One of the great things about doing a pub crawl in New York City is that we get to explore different parts of the city. We also get to revisit areas and see how things have changed. So, while we’ve visited Cobble Hill before and have stopped at various pubs on Smith Street and Court Street in Brooklyn, it’s been a few years, so I thought we should do it again and see what’s new.
First stop was Uglyducklingat 166 Smith Street (near Wycoff), a 10 minute walk from Atlantic Terminal. The Uglyduckling was established two years ago in what many considered one of the ugliest buildings in not just Cobble Hill, but all of New York. According to their website: “And what was once an ugly duckling has grown into a thing of beauty. The Uglyduckling Crafthouse & Eatery was designed to celebrate the beauty not just of its historic Cobble Hill location, but the ever changing landscape of Brooklyn.”
A good bartender should be a good listener. In the case of the Uglyducking, Candace was not just a good listener but also a certified mental therapist. So not only did we get great advice on which beers to drink, but also an impromptu Saturday morning therapy session. Drinker #1, we’ll call him the “Quiet One”, has difficulty making decisions on his own, so he went with the “Bartender’s Choice” flight, where Candace selected 4 beers for him to taste, thus relieving him of the stress of having to make a decision on his own. She chose: Single Cut Half Stack IPA, Neshaminy Creek Cream Ale, Flying Dog Numero Uno Mexican Lager, and Jack’s 212 Flat Iron American Pale Ale. After a short consultation with our advisor/analyst, the second crawler of our group chose Jack’s Abby Hoponius Union Strong Pale Lager. As I was debating which beer I should order, Candace advised me to get in touch with my inner self. And since my inner man had this strong desire to have a second breakfast, I ordered a cup of coffee and a plate of deviled eggs topped with smoked paprika and pepper bacon. Which was actually not a bad way to start a pub crawl!
Ready to face the world, we ventured over to Strong Place at 270 Court (near Butler). The first thing you notice about Strong Place is their exotic selection of sandwiches. We went with the Avocado & Sweet Potato, the Egg Salad & Beets and the Peanut Butter, Banana & Walnut sandwiches. All quite delicious. What I liked about Strong Place is that they serve many of their beers in four sizes: 4 oz., 8 oz., 12 oz. and 16oz. I always like to pace myself when on a pub crawl, so went with two 4 oz. tasting glasses: Founders Oatmeal Stout and the Speakeasy Payback Porter. My partners in crime both went with the New York Organic Smart Beer, a golden ale brewed with orange peel and licorice root. What I didn’t like about Strong Place was the slow service (seemed like they were short of staff the day of our visit). Also a negative, was that the Chardonnay ordered by our fourth crawler (who had just joined us) was warm. But we were sitting outside on a beautiful Spring Day and I was enjoying a great beer and sandwich combination; so I was perfectly contented with our visit.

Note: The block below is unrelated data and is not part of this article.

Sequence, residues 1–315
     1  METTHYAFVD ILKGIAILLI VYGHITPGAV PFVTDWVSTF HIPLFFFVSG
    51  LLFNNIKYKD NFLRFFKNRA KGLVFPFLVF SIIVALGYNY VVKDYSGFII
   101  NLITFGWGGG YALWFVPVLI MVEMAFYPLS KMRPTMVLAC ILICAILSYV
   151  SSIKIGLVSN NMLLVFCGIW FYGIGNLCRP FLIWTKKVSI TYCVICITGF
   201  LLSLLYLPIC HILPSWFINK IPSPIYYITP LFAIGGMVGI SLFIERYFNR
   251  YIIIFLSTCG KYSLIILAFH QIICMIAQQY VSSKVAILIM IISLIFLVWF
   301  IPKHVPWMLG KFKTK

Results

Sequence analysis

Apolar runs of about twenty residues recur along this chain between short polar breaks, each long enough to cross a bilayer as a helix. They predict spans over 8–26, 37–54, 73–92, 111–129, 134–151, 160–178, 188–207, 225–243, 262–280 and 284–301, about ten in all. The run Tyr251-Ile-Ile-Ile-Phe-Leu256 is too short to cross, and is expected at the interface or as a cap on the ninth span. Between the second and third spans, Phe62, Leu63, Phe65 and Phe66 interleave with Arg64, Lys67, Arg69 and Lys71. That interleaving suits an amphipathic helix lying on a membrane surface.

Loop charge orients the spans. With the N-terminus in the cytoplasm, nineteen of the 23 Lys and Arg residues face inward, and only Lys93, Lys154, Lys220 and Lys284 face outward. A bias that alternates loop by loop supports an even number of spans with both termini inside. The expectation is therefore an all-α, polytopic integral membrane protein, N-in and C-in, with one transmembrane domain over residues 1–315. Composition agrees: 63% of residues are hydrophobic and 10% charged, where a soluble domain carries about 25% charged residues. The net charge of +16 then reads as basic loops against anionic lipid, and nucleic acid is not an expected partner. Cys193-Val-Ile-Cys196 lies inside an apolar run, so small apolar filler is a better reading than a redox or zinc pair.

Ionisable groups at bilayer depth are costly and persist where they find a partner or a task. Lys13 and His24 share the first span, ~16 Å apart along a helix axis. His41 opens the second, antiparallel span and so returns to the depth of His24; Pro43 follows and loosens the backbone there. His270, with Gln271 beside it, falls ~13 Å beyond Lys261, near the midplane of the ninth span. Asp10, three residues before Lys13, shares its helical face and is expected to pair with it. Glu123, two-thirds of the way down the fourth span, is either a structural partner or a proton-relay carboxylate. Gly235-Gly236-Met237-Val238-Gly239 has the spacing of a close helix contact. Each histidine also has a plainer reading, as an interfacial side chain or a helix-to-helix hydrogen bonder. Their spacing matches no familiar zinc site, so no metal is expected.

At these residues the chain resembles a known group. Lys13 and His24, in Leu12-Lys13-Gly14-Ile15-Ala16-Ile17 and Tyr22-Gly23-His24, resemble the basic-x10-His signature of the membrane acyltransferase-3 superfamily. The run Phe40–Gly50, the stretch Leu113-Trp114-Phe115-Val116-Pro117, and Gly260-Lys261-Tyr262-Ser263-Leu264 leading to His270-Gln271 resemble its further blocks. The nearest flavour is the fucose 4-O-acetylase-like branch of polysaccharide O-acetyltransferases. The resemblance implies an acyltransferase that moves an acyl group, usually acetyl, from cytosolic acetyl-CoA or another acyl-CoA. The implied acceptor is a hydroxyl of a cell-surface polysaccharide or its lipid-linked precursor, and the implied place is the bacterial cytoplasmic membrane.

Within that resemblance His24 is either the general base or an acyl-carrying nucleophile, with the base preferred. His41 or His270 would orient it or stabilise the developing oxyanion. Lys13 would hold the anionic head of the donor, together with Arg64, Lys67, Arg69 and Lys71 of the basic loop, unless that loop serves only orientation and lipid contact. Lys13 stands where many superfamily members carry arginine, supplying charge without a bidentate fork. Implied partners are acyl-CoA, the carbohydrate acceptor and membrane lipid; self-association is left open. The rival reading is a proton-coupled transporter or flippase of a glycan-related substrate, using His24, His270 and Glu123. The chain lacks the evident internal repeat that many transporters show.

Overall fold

Continuing down Court to Sackett Street was Buschenschank, a farmhouse style tavern inspired by the German-speaking Alto-Adige region in Italy. In addition to a large bar area, there is also a downstairs ratskeller and a large open patio-like room. For drinks we went with the Finback IPA, Peak Organic Summer Session, Evil twin Ashtray Heart Smoked Imperial Porter and a glass of the house Pinot Grigio. The unique menu which features both Italian and German dishes was intriguing, but we were rather full from the sandwiches at Strong Place, so we just ordered a platter of pickled vegetables. I made a mental note to return for some food in the not too distant future. In addition to the German Potato Pancakes, which had caught my eye, the pizzas (which are prepared by a small in-house outpost of South Brooklyn Pizza) looked amazing.
Back to Smith Street for a stop at Fawkner at 191 Smith, between Baltic and Warren. Fawkner is located at the former location of Ceol, an Irish bar that closed in 2014 and is the latest establishment from the team that manages The Bell House, Union Hall and Floyd. It is also the “Thomas’ English Muffin” of bars, with numerous nooks and crannies. Here we enjoyed Singlecut 18 Watt IPA, Peak Organic Ginger Saison, Narragansett Lager and a glass of Chardonnay in the comfy lounge in the back. Actually more like a formal drawing room in a English country home than the back room in a bar.
Our final stop was in downtown Brooklyn, where an old bodega has been turned into a beer and cocktail bar. Livingston Manor is a Catskills-inspired bar located at 42 Hoyt Street (between Livingston and Schermerhorn) and is the latest venture in the Brooklyn bar scene by Matt Roff, the former owner of 5th Avenue’s Southpaw (now gone) and Franklin Avenue’s Crown Inn. It is also an unlikely oasis between check cashing stores and construction sites in the evolving landscape of downtown Brooklyn. Bartending veteran Erica Broad helped design the drinks menu, which featured unique spirits, craft cocktails and a great selection of craft beers. While there were numerous tempting local beers on tap (including appropriately enough, a beer from the Catskill Brewery), the beer drinkers decided to end the day with some Scotch (Jameson’s and Jura). I decided to join our guest crawler in a glass of Surrau Branu Vermentino. These were enjoyed in the vest pocket garden behind the bar.
On our way back to Atlantic Terminal, we passed by St. Gambrinus, a beer shop on Atlantic Avenue between 3rd & 4th Avenues. Looked intriguing, but we all knew it would be the proverbial “One bar too many” and decided to head directly home. And had things changed since our last visit? Without a doubt. But change is a way of life in the bar & restaurant trade, so a return trip is always a good idea. Just don’t expect to find things the same!